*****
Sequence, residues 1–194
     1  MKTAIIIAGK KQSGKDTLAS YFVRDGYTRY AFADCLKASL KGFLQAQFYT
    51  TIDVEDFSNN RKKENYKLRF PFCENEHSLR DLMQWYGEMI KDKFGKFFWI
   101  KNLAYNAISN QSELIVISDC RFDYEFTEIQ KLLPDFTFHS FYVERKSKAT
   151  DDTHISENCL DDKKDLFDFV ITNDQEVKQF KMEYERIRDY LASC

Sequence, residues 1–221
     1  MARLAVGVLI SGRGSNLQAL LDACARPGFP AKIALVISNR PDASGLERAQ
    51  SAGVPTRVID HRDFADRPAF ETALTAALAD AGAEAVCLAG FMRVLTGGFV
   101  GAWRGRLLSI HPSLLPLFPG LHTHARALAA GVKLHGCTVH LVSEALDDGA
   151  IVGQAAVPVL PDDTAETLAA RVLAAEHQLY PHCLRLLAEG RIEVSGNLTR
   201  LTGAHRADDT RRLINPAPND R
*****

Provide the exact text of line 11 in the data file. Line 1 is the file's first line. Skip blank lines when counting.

   201  LTGAHRADDT RRLINPAPND R